The Commonwealth Government has recently been made aware of difficulties faced by some e-waste recycling businesses including disability service providers in South Australia and New South Wales.
The scheme was designed by the previous federal Labor government, and states and territories.
Having become aware of the issues facing these businesses, including Aspitech in South Australia, I recently ordered an inquiry into practices in the sector and the operation of the scheme.
We are shocked by what we have found. The scheme is fundamentally flawed. It relies on all States continuing to support recycling and disability groups. This is not happening. They have failed to deliver their end of the bargain.
South Australia is exploiting a scheme created by the former federal Labor government to dump e-waste and cause considerable damage to businesses that employ disabled workers.
South Australia is clearly misusing the system. Dumping these huge costs onto disability services is one of the most irresponsible and immoral actions I’ve seen by a state government. And now they’re trying to blame others.
The current federal government was not involved in developing this scheme but we are determined to fix it. We didn’t create the problem but we are doing what we can to resolve the problems created by others.
This is a scandal. It is a gross breach of faith by the South Australian government. They are taking advantage of and hiding behind an industry scheme, while failing to pay for their share of the cost of recycling.
At the federal level, Labor and the Greens left us with a complex scheme which is hurting disability service providers and has no safeguards to ensure that states take responsibility for their share of e-waste recycling.
I will be seeking to meet with states and industry in the next fortnight to discuss the matter. South Australia must come to the table.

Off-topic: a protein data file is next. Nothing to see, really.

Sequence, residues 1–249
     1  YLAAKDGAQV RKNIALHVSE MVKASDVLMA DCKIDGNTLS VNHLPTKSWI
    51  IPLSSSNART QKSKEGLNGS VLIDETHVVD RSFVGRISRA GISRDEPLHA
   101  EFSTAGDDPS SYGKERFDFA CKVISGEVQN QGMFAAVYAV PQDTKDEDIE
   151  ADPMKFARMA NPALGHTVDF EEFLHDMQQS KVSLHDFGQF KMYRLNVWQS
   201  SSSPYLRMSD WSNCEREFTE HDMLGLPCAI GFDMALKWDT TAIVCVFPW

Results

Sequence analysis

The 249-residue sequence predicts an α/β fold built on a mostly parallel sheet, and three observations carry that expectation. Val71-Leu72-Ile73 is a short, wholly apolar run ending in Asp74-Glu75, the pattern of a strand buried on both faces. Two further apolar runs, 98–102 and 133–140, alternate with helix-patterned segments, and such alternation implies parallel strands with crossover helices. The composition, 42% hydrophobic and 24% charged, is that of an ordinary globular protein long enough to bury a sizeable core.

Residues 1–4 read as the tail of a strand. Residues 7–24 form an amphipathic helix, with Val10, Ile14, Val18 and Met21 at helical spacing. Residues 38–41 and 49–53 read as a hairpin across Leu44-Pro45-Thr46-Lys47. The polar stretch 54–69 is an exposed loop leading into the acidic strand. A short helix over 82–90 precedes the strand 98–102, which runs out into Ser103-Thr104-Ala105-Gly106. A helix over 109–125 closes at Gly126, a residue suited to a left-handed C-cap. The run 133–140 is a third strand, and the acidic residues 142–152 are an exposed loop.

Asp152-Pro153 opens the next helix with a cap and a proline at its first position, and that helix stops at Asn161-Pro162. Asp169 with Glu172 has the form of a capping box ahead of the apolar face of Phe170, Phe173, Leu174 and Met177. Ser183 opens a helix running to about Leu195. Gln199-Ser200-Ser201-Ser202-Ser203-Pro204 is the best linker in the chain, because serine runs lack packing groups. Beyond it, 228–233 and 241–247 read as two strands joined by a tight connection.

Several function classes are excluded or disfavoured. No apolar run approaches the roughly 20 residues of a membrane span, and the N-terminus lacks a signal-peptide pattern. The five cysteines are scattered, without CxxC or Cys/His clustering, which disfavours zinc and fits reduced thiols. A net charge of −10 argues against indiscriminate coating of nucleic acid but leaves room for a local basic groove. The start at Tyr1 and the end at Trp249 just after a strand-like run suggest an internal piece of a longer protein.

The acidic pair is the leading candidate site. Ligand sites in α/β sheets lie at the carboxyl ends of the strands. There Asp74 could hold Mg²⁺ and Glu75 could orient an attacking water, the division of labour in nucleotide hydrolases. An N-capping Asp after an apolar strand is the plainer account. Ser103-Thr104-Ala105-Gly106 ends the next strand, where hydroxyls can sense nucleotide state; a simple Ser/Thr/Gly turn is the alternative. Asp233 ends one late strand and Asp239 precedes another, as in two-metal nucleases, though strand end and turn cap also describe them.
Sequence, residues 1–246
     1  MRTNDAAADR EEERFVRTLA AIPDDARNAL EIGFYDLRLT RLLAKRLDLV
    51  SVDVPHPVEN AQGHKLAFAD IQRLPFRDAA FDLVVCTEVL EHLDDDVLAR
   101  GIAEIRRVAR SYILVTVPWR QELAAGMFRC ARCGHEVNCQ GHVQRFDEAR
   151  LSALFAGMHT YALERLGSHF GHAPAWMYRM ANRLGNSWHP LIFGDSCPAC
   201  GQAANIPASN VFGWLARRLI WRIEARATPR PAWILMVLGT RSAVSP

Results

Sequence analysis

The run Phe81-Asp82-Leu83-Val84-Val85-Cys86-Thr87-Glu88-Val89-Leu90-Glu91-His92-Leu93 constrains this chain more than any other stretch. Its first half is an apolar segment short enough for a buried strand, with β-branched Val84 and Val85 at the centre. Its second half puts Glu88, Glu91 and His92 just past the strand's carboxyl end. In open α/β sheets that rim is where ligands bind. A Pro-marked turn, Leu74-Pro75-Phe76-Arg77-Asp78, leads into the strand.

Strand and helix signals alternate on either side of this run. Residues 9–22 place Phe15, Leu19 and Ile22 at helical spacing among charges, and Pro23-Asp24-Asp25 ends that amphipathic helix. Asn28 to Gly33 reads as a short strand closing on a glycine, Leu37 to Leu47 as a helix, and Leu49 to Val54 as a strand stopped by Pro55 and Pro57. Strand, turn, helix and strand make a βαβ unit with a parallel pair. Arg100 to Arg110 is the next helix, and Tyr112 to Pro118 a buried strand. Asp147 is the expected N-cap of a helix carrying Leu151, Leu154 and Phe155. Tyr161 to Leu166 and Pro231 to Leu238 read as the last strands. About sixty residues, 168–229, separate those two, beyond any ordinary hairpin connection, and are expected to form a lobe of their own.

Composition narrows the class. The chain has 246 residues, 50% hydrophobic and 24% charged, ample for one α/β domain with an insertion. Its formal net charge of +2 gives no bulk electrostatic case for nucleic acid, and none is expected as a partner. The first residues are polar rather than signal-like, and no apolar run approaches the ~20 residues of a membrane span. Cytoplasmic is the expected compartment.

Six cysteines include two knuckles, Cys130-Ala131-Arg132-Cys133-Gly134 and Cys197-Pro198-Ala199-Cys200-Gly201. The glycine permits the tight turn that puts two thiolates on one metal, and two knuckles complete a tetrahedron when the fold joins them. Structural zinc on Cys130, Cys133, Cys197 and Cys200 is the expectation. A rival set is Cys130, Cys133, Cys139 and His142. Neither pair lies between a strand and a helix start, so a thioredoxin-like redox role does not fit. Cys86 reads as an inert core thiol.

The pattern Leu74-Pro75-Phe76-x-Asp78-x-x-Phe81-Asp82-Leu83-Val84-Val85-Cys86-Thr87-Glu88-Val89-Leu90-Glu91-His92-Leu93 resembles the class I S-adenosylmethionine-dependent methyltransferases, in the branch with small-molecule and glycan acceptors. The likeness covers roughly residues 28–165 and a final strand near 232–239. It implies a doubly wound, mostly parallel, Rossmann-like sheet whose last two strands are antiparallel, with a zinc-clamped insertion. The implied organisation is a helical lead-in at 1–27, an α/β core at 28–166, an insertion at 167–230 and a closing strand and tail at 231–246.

I am committed to getting agreement from state and territory environment ministers and other stakeholders to review the operation of the National Television and Computer Recycling Scheme and report by mid 2015.
My Department will issue a review paper in the coming weeks to seek input from industry, service providers and governments about operational aspects of the scheme.
These actions will ensure that all issues are identified and can be addressed including concerns by raised by social enterprises.
In South Australia, the Commonwealth Department of Social Services has been a long term supporter of Australian Disability Service Enterprise Aspitech and its parent company, providing ongoing funding for 75 employees and $380,000 to help strengthen the Aspitech e-waste recycling business.
The Commonwealth calls on all states and territories, in particular the South Australian Government, to do the right thing for the environment and provide the necessary funding to deal with e-waste – as is their responsibility under the constitution.
I will also consider future CRT waste export permit decisions taking into account any additional information Australian business is able to provide regarding their ability to refine CRT glass in partnership with other recyclers here in Australia.
I anticipate that by working with state, territory and local governments, industry and e-waste service providers to directly address their issues and concerns, we can increase e-waste recycling that not only provides the best environmental outcomes, but also ensures stability for e-waste service providers.
States, territories and local governments are currently responsible for 65 per cent of the e-waste generated in Australia and retain constitutional responsibility for all waste management.
The remaining 35 per cent of e-waste is processed at the expense of industry under a product stewardship scheme. This percentage is increasing over time.
Disability service providers, along with other enterprises, are contracted by industry to recycle e-waste. These are contracts between industry and private enterprise which do not involve the Commonwealth.
Consumers are able to take e-waste to disposal sites run by these organisations around the country.
These sites are often receiving more than the 35 per cent share that industry is taking responsibility for. This results in disability and industry groups being burdened with e-waste that is the responsibility of the states and territories.